Confused about the new GCSE grading system? 06/07/2017
A numerical system of 9-1 will replace the current system of A- G. 9 will be the highest achievable grade (formerly A) and 1 will be being the lowest. However, grade U will still be used for those who do not achieve the minimum requirements for grade 1.
Grade 5 will be considered a 'good pass'. Performance tables will focus on students achieving grades 9-5. Formerly, grade C was classes as a 'good pass', but the new grade 5 will be equivalent to a low B or a high C. As such, a 'good pass' mark will become harder to achieve than in the old system.
The new system has been designed to reveal differences between candidates at the higher end of the spectrum. The current top two grades, A* and A, will be replaced with three top grades, 9, 8 and 7. Some people are referring to grade 9 as A**. It is estimated that it will only be awarded to approximately the top 3% of GCSE students.
The new GCSEs are being introduced in three stages over three years. English and Maths this year and the rest will follow.
New GCSEs in Maths, English language, and English literature started being taught in September 2015. GCSE English no longer exists; all students must instead take GCSE English language. Most will also take English literature as a separate subject though it is not compulsory. New GCSEs in English Baccalaureate/main curriculum subjects such as sciences, languages, PE, history and geography were introduced in September 2016. New GCSEs in all other subjects such as economics and media studies will be taught from September 2017.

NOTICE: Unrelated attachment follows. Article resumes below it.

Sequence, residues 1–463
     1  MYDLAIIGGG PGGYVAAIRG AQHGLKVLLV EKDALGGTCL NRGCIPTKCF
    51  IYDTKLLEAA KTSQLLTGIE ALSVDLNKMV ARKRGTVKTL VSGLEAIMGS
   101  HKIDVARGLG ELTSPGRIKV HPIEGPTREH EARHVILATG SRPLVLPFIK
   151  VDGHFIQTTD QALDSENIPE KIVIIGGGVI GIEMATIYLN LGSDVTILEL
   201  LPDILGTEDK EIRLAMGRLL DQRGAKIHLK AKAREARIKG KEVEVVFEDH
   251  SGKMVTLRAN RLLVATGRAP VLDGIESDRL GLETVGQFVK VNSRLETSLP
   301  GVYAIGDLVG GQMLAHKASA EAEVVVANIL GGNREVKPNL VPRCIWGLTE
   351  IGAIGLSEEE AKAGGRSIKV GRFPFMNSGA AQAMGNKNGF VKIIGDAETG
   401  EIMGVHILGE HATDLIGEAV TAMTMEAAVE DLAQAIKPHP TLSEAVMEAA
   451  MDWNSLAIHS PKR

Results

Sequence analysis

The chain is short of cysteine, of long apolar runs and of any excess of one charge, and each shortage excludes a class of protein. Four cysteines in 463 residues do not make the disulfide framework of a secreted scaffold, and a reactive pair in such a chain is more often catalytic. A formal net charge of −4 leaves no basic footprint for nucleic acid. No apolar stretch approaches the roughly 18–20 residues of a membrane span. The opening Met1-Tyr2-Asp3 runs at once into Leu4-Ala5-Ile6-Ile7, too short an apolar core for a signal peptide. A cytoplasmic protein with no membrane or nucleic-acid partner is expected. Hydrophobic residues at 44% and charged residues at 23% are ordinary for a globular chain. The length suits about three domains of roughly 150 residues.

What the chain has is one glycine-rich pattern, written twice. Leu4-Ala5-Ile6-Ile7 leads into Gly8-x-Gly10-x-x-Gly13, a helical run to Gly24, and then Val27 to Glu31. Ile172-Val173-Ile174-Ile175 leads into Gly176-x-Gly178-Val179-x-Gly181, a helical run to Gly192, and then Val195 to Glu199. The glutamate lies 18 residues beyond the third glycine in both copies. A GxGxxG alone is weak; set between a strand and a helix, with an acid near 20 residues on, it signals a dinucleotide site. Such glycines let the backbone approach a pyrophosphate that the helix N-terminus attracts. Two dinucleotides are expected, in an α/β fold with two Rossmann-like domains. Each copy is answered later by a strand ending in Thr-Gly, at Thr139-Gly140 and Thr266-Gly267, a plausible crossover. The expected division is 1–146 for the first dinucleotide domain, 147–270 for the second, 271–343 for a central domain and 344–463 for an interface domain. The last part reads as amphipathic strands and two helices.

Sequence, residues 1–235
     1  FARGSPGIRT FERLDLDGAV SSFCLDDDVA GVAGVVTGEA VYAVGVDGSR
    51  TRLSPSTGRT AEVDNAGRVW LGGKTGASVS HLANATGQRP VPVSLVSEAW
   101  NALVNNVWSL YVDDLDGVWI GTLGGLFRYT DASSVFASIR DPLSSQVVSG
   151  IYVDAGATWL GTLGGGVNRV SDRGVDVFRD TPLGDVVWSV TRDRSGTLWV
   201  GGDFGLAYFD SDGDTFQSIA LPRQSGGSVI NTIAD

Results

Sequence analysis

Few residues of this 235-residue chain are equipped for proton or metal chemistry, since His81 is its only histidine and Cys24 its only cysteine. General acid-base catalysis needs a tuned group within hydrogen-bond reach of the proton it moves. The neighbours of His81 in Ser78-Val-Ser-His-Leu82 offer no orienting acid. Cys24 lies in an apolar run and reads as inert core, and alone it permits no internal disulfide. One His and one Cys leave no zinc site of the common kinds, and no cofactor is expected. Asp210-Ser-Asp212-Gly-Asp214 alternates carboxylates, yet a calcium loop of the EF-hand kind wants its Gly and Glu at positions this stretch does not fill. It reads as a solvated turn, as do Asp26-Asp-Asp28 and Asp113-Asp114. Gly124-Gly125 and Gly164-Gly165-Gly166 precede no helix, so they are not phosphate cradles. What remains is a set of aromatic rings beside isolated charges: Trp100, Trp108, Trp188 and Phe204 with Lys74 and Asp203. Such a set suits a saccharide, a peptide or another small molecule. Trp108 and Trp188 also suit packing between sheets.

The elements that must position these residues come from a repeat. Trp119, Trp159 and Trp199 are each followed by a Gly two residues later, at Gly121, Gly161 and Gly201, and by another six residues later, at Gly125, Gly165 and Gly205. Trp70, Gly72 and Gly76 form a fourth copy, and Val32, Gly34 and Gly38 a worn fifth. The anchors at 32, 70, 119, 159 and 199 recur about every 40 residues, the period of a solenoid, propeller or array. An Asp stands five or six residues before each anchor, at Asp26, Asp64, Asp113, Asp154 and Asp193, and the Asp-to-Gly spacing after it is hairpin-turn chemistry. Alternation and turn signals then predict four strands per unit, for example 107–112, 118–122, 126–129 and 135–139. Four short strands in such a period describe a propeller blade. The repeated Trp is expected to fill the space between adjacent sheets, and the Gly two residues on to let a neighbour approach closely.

2016/17 year 11 students are sitting new GCSEs in Maths, English language and English literature only. They will still be awarded 'old-style' GCSE grades in all other subjects. However, current year 10 students will take new GCSEs in most subjects. They may still be on an 'old-style' syllabus if they opt for a more unusual subject. Students who are currently in year 9 or below will take new GCSEs in all subjects.
Will they be more difficult?
The course content will be more demanding across all subjects. In English language, for example, students will be required to read a greater range of challenging material.
The majority of subjects will be assessed solely through exams taken at the end of two years of study.
For most courses, all students will sit the same paper instead of opting for a foundation or higher paper according to their ability. The main exception to this is maths, although it is worth noting that a lot of content previously only included in the maths higher paper will now also be tested at foundation level. November resits will only be available in Maths and English language. Alternative qualifications such as GCSEs (International GCSEs) will no longer be an alternative.
Worried in case you don't get the grades?
If you, or a friend, don't get the desired grades, don't panic. Colleges, including Stanmore College, offer a wide range of vocational study programmes across all levels and Stanmore offers a GCSE resit programme. By applying online and attending an interview you are likely to receive a conditional offer and, should you not meet the entry requirements, an alternative study programme can be discussed when you are invited to enrolment. BTEC students who achieve good grades are just as sought after as A level students with good results. These programmes can lead to employment, apprenticeships or university.
Did you know that:
95% of universities and colleges in the UK accept BTEC students
This includes many competitive universities from the Russell Group (a group of universities with a shared focus on reputation, academic achievement and research).
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